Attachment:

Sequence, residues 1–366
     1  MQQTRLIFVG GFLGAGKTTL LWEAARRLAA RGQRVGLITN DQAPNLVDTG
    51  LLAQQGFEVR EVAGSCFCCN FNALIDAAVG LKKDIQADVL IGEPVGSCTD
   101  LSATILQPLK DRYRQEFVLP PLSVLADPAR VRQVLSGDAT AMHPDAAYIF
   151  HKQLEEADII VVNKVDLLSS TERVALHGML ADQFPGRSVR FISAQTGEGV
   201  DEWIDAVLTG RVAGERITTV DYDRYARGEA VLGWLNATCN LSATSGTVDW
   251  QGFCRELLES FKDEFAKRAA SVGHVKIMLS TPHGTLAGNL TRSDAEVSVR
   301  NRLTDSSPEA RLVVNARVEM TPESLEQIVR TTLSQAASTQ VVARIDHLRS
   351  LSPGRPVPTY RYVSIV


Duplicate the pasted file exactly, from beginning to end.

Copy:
Sequence, residues 1–366
     1  MQQTRLIFVG GFLGAGKTTL LWEAARRLAA RGQRVGLITN DQAPNLVDTG
    51  LLAQQGFEVR EVAGSCFCCN FNALIDAAVG LKKDIQADVL IGEPVGSCTD
   101  LSATILQPLK DRYRQEFVLP PLSVLADPAR VRQVLSGDAT AMHPDAAYIF
   151  HKQLEEADII VVNKVDLLSS TERVALHGML ADQFPGRSVR FISAQTGEGV
   201  DEWIDAVLTG RVAGERITTV DYDRYARGEA VLGWLNATCN LSATSGTVDW
   251  QGFCRELLES FKDEFAKRAA SVGHVKIMLS TPHGTLAGNL TRSDAEVSVR
   301  NRLTDSSPEA RLVVNARVEM TPESLEQIVR TTLSQAASTQ VVARIDHLRS
   351  LSPGRPVPTY RYVSIV